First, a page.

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The Ten Hours Act and its Supporters

Taken from Norman Gash, The Age of Peel (London, Edward Arnold, 1973), with the kind permission of Professor Gash. Copyright of this document, of course, remains with him.

Despite the setback in 1844 Lord Ashley introduced a Ten Hours bill in January 1846 which was eventually defeated after he had resigned his seat on the issue of the Corn Laws. After the fall of Peel's administration Fielden took charge of a new bill in 1847 which passed with large majorities through both houses (9 and 10 Vic. cap. 29). From May 1848 the daily hours of work for women and young persons in mills and factories were restricted to ten (58 in the week). Although a feature of the campaign from the start had been the support of local Conservatives and Anglicans, the movement had drawn on a wide cross-section of society. Oastler was a Tory Anglican, Sadler a Tory Wesleyan, Bull an Anglican parson, Fielden a Liberal Quaker. Among the manufacturers who lent their aid, Hindley and Brotherton were Liberal MPs, Wood a Tory Anglican. In the House of Lords a large number of bishops attended the debate on the second reading of the bill to give it support. 'This will do very much to win the hearts of the manufacturing people to Bishops and Lords,' wrote Ashley in his diary; 'it has already converted the hard mind of a Chartist Delegate'. Subsequent evasion of the act by the use of 'relays' of operatives to keep mills at work throughout the legally permitted limits of the working day (5.30 a.m. to 8.30 p.m.) led in 1849-50 to a renewal of agitation and several judicial test-cases. The issue was settled by a government act of 1850 imposing stricter limits of the working day (6 a.m. to 6 p.m.) with 1½ hours for meals but in return allowing a 10½ hour working day with a maximum of 60 hours per week.

From The Ten Hours' Advocate, 12 June 1847

At a General Meeting of the Lancashire Central Short Time Committee, held at the house of Mr Thomas Wilkinson, Red Lion Inn, Manchester, on Tuesday evening, 8 June 1847, the following resolutions were unanimously adopted.

  1. That this Committee feel deeply thankful to the disposer of all good gifts, for the glorious success which has attended their efforts to ameliorate the condition of the women and children employed in factories, and sincerely congratulate their fellow-labourers in the good work on the peaceful and constitutional character of the agitation, as well as the triumphant manner in which the Ten Hours' Bill has passed the British Parliament.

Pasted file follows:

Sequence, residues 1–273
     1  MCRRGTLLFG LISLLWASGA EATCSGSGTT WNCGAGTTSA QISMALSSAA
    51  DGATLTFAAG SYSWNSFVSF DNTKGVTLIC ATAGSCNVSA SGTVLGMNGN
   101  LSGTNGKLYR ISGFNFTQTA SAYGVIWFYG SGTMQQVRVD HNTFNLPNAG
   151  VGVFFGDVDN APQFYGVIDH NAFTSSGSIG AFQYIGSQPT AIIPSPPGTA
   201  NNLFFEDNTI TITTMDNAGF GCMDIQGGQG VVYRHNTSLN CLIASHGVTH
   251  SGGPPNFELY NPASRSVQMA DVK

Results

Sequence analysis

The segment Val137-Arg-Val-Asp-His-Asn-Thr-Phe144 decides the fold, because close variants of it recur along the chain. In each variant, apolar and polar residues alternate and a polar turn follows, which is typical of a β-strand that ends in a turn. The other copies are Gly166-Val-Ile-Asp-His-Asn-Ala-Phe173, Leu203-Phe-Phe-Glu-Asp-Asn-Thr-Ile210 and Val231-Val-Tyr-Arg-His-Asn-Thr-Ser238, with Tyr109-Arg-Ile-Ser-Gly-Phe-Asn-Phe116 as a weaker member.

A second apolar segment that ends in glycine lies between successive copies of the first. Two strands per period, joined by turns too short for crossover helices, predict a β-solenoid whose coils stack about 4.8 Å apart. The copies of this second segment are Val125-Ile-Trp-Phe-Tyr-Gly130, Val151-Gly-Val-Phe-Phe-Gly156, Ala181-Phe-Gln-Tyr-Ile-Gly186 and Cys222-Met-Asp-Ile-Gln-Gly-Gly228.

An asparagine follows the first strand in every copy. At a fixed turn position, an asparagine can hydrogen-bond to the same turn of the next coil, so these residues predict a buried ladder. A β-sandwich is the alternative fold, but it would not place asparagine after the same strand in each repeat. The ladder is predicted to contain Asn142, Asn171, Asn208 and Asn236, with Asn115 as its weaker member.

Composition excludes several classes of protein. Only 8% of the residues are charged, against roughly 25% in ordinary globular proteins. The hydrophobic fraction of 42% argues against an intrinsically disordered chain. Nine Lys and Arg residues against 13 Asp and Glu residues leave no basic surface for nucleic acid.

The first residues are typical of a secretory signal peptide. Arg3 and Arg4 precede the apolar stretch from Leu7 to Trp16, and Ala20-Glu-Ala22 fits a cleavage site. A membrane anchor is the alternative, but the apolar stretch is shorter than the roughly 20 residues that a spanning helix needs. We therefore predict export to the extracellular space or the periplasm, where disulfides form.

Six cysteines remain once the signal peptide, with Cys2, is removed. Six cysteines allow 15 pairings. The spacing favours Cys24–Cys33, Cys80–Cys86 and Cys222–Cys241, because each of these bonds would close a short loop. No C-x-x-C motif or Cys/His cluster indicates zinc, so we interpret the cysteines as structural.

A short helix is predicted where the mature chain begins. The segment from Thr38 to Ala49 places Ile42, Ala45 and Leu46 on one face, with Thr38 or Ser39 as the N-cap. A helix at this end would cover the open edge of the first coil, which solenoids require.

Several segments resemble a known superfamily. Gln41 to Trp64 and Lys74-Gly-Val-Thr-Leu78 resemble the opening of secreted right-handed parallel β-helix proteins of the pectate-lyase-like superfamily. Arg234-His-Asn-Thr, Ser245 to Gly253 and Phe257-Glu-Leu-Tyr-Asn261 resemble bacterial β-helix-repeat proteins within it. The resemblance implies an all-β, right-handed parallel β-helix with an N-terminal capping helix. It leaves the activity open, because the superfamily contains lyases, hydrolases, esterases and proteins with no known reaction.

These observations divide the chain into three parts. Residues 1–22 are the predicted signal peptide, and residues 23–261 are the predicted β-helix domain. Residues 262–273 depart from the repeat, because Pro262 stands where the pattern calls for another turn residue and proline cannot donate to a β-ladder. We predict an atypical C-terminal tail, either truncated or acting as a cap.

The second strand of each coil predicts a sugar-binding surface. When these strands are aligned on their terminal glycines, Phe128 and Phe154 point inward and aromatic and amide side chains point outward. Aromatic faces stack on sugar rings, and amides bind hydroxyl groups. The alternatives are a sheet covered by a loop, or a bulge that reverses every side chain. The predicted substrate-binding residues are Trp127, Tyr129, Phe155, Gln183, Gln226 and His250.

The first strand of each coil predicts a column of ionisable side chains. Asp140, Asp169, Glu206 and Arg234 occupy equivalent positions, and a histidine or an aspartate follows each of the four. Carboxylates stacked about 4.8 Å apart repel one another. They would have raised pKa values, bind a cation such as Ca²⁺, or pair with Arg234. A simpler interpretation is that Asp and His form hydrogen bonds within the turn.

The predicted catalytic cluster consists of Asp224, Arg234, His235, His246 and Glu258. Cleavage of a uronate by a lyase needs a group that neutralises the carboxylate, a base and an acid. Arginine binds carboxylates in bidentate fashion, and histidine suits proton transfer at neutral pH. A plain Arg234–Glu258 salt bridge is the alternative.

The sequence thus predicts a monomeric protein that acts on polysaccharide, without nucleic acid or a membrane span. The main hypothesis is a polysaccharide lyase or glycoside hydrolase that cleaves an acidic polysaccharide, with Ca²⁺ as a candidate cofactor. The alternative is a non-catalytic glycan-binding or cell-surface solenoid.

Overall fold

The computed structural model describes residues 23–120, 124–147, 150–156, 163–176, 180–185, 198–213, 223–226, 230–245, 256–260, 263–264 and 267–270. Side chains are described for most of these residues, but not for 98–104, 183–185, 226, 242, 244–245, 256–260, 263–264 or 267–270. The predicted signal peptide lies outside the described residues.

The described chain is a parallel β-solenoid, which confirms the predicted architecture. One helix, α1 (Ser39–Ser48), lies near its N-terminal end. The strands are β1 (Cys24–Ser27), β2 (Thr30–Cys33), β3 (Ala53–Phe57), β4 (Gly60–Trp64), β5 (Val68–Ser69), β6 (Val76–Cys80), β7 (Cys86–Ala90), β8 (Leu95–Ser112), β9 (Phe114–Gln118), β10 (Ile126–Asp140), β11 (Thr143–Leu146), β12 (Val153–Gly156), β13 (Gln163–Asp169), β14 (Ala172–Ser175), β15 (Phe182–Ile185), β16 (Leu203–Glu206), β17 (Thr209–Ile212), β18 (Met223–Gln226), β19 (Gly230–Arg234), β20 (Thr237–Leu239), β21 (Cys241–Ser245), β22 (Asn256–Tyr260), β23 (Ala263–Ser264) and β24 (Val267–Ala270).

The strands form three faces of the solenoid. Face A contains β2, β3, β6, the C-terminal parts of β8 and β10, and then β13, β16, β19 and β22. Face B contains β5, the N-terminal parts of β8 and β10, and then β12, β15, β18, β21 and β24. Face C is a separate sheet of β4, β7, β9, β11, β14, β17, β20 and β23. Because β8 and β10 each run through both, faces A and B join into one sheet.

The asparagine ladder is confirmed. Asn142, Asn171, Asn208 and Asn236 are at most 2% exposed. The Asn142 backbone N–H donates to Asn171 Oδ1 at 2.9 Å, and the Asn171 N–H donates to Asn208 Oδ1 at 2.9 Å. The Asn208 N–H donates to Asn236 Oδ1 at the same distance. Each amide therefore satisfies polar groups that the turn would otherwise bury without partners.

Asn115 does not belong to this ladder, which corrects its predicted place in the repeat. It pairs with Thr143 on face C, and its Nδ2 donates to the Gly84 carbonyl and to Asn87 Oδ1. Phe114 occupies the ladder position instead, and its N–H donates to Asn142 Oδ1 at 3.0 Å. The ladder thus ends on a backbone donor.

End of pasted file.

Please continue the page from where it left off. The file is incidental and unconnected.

2. That the hearty thanks of this Committee are due, and are hereby gratefully tendered on behalf of the working people of Lancashire, to the Right Honourable Lord Ashley, for his zealous and efficient services in this sacred cause, during a period of fourteen years of constant, consistent, and exemplary perseverance, to improve the moral, religious, and mental condition of the factory workers by endeavouring to obtain for them leisure hours to be devoted to that purpose; and especially for the zeal and activity he has displayed during the present session of Parliament.
  3. That the best thanks of this Committee are also due to John Fielden, Esq., MP, for the honest, consistent and straightforward conduct which he has ever pursued on behalf of his poorer fellow-countrymen; and especially for his exertions during the present session of Parliament in bringing the agitation for the Ten Hours' Bill to a successful issue.
  4. That this Committee tender their heartfelt thanks to the Right Honourable the Earl of Ellesmere and Lord Faversham, for their zealous exertions in conducting the Ten Hours' Bill safely through the House of Lords.
  5. That this Committee are deeply grateful and tender their best thanks to J. Brotherton, Esq., MP, H. A. Aglionby, Esq., MP., C. Hindley, Esq., MP., and all those members who spoke and voted in favour of this measure during its progress in the House of Commons.
  6. That this Committee are deeply impressed with the gratitude they owe to the Duke of Richmond, the Bishops of Oxford, London, and St. David's, and all the peers who spoke and voted in favour of the Ten Hours' Bill.
  7. That this Committee offer their most hearty congratulations and sincere thanks to John Wood, Richard Oastler, W. Walker, Thomas Fielden, and Joseph Gregory, Esqrs., and to the Rev. G. S. Bull, for their support of this cause in times when it was unpopular to be ranked amongst its advocates; and also to all its friends and supporters out of Parliament.
  8. That this Committee view with extreme satisfaction the past support of the clergy of the Established Church, as well as of those ministers of religion of all denominations who were ever found amongst the supporters of this measure, and sincerely hope that they will live to see realised the happy results which we believe were the aim and object of all their pious labours in this cause.…
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